Strict and lengthy coronavirus lockdowns last year battered the Philippine economy and hit tax revenues. “We have no money. Wherever we can find the money, I will do it. If it’s in gambling, so be it,” Duterte said last week.

Andrea Domingo, chairman and CEO of the Philippine Amusement and Gaming Corporation (Pagcor), the country’s gambling regulator, last Friday said Philippine offshore gaming operators (Pogos) would only contribute 4 billion pesos (US$80 million) to state coffers this year, as “more than half” had relocated to the likes of Cambodia, Laos and Vietnam since the pandemic began.

Pogos are locally based but mainly cater to gamblers in China, where the activity is illegal.

“Our income from Pogos used to reach 8 billion pesos to as much as 9 billion pesos per year, but now, in the last six months for example, we only reached 1.6 billion pesos from them,” Domingo told a congressional hearing on Friday.

The Duterte government has heavily depended on gaming revenues to fund its pandemic response. Domingo said lockdowns to curb the spread of Covid-19 had reduced Pagcor’s gross income for last year to 26 billion pesos, down from 82 billion pesos in 2019.

Former senator Antonio Trillanes, a vocal critic of Duterte, said this was just an excuse to open casinos in Boracay, which he had previously claimed was the reason for the 2018 clean-up.

Human rights lawyer and environmental advocate Antonio La Viña said if casinos were built there, “Boracay will die, all the sacrifices from and gains achieved in the closure [will be] gone”.

No casinos currently operate on the 10 sq km island, famed for its powdery white sands, turquoise waters and lively nightlife.

But Duterte’s decision augurs well for provisional casino licence holders such as the Philippines’ Alliance Global Group, and the partnership of Leisure & Resorts World Corporation and Macau’s Galaxy Entertainment Group.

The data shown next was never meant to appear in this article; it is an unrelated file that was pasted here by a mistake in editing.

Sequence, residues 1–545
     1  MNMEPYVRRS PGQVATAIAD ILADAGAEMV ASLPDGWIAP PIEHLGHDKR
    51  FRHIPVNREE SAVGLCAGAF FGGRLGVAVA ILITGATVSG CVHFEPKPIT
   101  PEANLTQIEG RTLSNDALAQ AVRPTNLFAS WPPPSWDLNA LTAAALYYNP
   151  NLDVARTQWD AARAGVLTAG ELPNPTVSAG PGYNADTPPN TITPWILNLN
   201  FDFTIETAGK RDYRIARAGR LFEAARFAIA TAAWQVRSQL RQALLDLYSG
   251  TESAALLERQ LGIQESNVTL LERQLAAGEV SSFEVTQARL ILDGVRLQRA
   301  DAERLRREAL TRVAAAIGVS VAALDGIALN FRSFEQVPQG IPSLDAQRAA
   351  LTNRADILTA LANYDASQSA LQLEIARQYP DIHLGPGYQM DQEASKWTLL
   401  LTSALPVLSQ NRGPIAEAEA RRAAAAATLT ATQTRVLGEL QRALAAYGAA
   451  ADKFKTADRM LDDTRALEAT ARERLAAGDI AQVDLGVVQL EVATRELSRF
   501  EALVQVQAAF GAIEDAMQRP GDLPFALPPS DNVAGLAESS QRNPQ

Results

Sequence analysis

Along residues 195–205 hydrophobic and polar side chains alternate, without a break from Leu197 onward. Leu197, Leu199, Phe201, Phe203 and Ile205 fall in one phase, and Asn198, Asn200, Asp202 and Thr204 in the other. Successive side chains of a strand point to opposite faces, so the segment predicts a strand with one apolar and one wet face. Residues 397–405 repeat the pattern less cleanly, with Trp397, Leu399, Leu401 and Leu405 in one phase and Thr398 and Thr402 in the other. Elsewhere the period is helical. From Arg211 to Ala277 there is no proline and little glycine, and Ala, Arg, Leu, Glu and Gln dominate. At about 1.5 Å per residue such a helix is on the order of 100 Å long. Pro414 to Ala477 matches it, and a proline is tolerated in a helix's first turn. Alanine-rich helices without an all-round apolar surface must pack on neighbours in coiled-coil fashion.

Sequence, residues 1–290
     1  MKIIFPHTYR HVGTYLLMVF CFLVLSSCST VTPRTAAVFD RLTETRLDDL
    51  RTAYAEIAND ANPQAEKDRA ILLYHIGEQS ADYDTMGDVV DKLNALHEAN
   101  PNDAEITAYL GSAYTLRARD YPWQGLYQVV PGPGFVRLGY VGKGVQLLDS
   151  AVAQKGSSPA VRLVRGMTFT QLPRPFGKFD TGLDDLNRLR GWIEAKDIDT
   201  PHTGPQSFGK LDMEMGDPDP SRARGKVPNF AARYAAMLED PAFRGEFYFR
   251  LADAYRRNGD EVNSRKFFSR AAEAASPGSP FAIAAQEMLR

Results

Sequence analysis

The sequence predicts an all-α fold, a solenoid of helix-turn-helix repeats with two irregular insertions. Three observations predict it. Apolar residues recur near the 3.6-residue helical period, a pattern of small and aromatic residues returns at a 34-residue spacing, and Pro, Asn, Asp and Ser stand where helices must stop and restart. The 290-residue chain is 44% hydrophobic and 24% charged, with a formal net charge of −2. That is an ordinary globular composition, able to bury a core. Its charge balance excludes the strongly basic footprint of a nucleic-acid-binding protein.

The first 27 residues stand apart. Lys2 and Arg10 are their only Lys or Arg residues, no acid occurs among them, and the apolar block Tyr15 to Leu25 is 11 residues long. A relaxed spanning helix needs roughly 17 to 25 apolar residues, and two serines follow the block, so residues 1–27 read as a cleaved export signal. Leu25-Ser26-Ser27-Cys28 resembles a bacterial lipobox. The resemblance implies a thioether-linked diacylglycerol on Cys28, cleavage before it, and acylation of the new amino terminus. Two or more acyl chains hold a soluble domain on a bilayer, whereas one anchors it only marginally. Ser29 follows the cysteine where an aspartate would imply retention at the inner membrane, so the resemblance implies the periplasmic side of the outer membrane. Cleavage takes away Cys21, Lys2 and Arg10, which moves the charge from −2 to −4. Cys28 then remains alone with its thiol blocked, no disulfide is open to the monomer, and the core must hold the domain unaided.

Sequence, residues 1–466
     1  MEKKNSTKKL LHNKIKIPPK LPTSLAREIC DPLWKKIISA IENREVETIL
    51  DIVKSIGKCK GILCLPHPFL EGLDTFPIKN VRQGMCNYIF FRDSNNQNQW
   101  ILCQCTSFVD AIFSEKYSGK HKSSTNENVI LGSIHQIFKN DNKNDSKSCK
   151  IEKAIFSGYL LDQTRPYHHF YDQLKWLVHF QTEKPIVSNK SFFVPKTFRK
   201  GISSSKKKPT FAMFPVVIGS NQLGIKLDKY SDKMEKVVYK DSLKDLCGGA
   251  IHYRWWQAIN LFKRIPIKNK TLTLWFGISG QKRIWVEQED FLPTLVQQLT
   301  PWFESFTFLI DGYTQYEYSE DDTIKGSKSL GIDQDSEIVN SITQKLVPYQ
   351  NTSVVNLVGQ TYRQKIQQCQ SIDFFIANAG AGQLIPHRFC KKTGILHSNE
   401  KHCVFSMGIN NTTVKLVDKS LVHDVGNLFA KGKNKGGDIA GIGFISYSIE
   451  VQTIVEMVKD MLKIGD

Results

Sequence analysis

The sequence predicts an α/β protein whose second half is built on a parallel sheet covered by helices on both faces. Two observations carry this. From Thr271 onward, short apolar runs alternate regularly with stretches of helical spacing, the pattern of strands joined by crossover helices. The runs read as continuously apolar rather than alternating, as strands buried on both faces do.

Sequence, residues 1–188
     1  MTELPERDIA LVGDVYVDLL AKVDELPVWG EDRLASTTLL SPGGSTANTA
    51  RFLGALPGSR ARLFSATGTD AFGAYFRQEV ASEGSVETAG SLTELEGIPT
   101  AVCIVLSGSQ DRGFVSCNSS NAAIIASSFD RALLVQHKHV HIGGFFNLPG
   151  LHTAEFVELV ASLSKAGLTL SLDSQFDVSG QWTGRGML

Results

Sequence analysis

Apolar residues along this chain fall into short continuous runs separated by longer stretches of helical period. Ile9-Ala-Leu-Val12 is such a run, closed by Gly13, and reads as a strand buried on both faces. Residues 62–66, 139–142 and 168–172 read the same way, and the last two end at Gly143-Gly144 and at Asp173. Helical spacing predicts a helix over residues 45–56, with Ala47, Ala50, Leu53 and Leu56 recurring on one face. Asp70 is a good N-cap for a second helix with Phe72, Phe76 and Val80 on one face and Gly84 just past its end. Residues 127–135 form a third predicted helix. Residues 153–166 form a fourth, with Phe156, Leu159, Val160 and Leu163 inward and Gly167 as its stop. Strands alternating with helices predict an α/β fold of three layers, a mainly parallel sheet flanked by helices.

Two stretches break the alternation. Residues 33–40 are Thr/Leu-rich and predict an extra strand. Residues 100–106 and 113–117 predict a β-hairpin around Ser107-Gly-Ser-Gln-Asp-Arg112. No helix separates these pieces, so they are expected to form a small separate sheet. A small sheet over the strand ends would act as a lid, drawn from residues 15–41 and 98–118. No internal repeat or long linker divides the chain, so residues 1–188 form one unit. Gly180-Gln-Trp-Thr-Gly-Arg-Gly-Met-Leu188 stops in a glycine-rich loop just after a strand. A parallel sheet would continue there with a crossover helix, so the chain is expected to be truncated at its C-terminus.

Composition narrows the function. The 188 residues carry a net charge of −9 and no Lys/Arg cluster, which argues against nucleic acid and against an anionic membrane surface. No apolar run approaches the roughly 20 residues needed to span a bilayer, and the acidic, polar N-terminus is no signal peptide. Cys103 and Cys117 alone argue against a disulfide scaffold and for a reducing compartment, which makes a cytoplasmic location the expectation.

Alliance Global will proceed with its casino project in Boracay, where it has several hotels and a golf course, company chairman Andrew Tan said in a statement on Saturday.

Galaxy – which had a plan to build a US$500 million integrated casino resort in Boracay rejected by Duterte in 2018 – would start its operations by focusing on foreign gamblers, Pagcor president Alfredo Lim said on Saturday.

Roy Cimatu of DENR in 2018 said while the two operators had provisional licences, they still needed separate environmental impact assessments from the department. Cimatu could not be reached for comment on whether the gaming firms had been granted the required paperwork.

Ron Acoba, chief investment strategist and co-founder of Trading Edge Consultancy, which provides research to banks and brokerage firms, said even if construction of a casino took four to five years, “the government may enter into an agreement with the developer and gaming operator for an advance collection in return for a percentage of the fees in the future”.

However, he said there were other factors to consider, including a casino’s impact on the environment. “The downside of opening a casino that will attract 4,000 more clients of course is the fact that this will exceed the island’s daily capacity for environmental sustainability.”

Additional reporting by Reuters